Doing Starttup Business with Family and Friends? Home Based or Office Based?

1. Doing Business with Family and Friends

Many times the best ideas come to mind over a family dinner—and they belong to the family member or two or three who decide to run with it. Sometimes you need inexpensive labor, so you bring on the 17-year-old cousin you rarely saw to help with the business. Or sometimes you just want to keep profits in the family.

Lots of people go into business with family and friends. Restaurants are often family owned and run, as are dry cleaners, manicure and pedicure shops, and so on. This often works best with “communal” property, where the individuals all share expenses and the income “… goes into the household kettle of funds, which everyone involved can draw from.”

If you are an independent person with your own family—and your partner is, too—you might give this a second look before going for it. Many people have reported family tensions or even complete disconnects. Money is a very powerful thing—sometimes it’s best not to mix money with people you care about. I have a couple of personal stories to share here—while for the sake of keeping bound­aries, I refuse to go into business with my family or even discuss finances with them, there have been occasions where I’ve made mistakes, and friendships and even my marriage has suffered as a result.

The first mistake wasn’t so much my decision, but my husband’s. Just after we married, I was going through files (to throw them away—not much excites me more than cleaning out cabinets! Hmm … business idea—note to Palm Treo!) and found some documents about an investment in a movie company for what I consider a substantial amount of money, but my new husband did not consider it “a big deal.” He had invested in a family member’s C-list (at best) movie—neither of them having any movie experience. The family member involved was a mort­gage broker on top of it, so my skepticism about his ethics are questionable to say the least.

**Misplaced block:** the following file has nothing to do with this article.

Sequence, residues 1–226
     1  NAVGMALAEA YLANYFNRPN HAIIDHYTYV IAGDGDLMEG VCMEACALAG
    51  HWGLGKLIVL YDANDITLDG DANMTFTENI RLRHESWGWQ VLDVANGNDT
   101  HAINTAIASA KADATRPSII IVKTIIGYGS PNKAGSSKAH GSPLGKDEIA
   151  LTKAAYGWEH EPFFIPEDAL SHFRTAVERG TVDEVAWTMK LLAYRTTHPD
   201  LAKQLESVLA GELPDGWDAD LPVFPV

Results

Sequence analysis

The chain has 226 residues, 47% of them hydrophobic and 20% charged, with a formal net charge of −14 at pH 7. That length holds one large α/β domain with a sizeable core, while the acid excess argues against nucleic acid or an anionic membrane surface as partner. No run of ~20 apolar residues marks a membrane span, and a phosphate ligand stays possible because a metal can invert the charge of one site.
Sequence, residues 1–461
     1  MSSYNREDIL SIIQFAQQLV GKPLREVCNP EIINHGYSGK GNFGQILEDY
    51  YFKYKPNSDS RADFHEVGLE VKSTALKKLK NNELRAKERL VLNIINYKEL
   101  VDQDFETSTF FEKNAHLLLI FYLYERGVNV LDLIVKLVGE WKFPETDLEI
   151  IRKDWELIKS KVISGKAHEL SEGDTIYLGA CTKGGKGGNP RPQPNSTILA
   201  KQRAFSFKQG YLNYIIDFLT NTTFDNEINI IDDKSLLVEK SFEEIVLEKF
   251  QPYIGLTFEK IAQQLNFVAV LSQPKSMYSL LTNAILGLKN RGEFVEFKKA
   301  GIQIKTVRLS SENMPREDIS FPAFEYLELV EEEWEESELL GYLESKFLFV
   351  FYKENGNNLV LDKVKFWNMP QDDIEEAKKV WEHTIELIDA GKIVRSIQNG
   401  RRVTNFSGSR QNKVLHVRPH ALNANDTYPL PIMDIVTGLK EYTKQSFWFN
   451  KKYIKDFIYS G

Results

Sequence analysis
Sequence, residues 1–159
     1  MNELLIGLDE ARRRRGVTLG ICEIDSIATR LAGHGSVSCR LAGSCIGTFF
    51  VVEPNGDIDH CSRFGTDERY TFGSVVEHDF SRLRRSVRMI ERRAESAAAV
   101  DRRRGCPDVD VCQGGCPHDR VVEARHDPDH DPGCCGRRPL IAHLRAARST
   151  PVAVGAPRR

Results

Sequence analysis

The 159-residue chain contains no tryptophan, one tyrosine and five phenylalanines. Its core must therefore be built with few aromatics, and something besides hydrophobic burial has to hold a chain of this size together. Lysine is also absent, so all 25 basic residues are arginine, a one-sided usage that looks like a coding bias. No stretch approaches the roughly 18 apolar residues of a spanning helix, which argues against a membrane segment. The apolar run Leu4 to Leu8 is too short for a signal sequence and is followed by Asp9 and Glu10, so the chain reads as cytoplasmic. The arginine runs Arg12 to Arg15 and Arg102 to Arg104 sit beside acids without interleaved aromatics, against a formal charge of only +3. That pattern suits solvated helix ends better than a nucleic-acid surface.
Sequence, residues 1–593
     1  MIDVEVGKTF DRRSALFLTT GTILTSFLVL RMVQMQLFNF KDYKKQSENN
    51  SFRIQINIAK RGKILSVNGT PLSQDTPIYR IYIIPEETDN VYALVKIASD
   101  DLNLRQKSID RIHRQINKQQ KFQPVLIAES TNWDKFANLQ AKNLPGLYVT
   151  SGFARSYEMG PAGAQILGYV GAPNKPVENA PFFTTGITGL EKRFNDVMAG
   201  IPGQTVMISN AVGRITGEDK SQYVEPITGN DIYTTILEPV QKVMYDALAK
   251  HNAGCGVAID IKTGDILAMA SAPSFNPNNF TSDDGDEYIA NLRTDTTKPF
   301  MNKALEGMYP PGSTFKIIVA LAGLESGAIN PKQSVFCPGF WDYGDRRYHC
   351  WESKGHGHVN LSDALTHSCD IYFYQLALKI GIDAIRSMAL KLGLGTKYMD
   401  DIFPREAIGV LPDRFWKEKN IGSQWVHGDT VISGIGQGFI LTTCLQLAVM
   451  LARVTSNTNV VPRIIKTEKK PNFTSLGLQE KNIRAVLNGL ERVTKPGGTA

When I asked my husband if he had been paid back, he said that the deal had “gone south” and he wouldn’t be paid back. I was furious! This seemed like such an obvious waste to me. That was money we could have used toward the pur­chase of our new home, our wedding, our retirement. I am still shocked that this particular family member would even ask my husband to invest in something with such a high level of risk, with no documentation whatsoever about what their recourse would be if they didn’t get their money back. To this day, I have never thought the same of that individual—because I’d never ask for an invest­ment in something so ludicrous, I have had a hard time understanding this other individual’s thought process—or lack thereof. Did it create marital tensions? Definitely—particularly when I informed my accountant and subsequently wrote it off as bad investment debt, as per my accountant’s instructions. (Too bad we can’t screen for this stuff before marriage! Hmm … another business idea ….)

As you may already know I am also a coauthor, and I tend to be very candid and open in my writing. I think that sharing personal, human experiences with read­ers makes your work more usable, more informative, more real—and creates a human connection through writing.

I have had three coauthors in my life. While all three wrote their halves of the books technically, my involvement was significantly greater than the 50 percent I will earn one day in royalties. I tend to go all-out with marketing, hiring publicists that are more than most mortgages and cars combined, updating the website daily, and so on—and my partners frankly don’t.

I realize this is a matter of personality and drive and perhaps a bit of internal motivation that leads me to never stop trying—and all three of course had families that came first (I am the only childless one, so I am certain that played a role). In fact, I’m not sure (beyond one who traveled a bit and tried to get on tele­vision regularly) what they did when it came to trying to sell our books. About a year later, one other coauthor stepped up and held seminars and forums that took some time to try to sell books and stepped up to help financially with some tele­vision media, but it was rough for awhile. I had to officially “let it go,” realizing that no one will care or be as involved as I am because of my personality type.

This type of situation can lead to personal tension between friends, family, and so on. I’ve been able to separate work from business now, knowing that it “isn’t their thing,” to work 80 or more hours per week to accomplish a goal. These were partnerships by agreement, not by business creation, but they resulted in the same downside nonetheless. One of my dearest friends and I got into a heated discussion with a lot of hurt feelings midway through one book. He is such a good friend that I decided not to ever write with him again, because I care about him too much to do that to our friendship. From this point forward, I will never write with a coauthor. It isn’t due to writing issues or their not supplying content and not being experts, but to the all-important promotion up to and after the release of the book.